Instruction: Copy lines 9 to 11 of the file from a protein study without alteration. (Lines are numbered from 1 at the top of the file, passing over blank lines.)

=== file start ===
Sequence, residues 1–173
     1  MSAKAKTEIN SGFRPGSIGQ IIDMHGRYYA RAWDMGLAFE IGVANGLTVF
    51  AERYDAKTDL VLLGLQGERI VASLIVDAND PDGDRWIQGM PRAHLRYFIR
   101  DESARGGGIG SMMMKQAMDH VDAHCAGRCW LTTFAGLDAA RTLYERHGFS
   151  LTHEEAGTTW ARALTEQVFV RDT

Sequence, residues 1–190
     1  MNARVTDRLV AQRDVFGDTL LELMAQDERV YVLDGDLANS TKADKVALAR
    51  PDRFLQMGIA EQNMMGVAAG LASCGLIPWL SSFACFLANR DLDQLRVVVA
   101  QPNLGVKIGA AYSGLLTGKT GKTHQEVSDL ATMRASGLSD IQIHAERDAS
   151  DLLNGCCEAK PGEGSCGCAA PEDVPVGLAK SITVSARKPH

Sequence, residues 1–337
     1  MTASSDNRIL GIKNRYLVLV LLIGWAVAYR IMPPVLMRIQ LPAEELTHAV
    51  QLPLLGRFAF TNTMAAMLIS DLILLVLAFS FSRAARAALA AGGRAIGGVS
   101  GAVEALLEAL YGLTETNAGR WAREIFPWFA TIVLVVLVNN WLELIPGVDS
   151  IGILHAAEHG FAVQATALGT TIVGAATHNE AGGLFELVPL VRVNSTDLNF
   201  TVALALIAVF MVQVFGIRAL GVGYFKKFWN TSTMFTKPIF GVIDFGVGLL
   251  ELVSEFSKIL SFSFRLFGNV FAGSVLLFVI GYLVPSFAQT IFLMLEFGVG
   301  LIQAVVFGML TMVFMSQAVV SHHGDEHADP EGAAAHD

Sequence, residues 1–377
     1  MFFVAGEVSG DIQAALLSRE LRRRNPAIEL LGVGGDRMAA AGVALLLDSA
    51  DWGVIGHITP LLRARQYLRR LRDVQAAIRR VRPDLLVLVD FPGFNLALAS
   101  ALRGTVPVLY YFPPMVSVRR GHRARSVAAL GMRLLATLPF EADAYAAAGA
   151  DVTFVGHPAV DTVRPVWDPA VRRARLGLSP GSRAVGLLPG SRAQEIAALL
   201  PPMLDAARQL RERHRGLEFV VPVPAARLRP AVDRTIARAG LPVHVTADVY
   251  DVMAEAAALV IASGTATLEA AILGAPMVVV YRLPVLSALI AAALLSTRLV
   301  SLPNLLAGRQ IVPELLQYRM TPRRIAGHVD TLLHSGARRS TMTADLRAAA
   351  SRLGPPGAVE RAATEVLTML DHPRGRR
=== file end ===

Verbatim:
   101  QPNLGVKIGA AYSGLLTGKT GKTHQEVSDL ATMRASGLSD IQIHAERDAS
   151  DLLNGCCEAK PGEGSCGCAA PEDVPVGLAK SITVSARKPH

Sequence, residues 1–337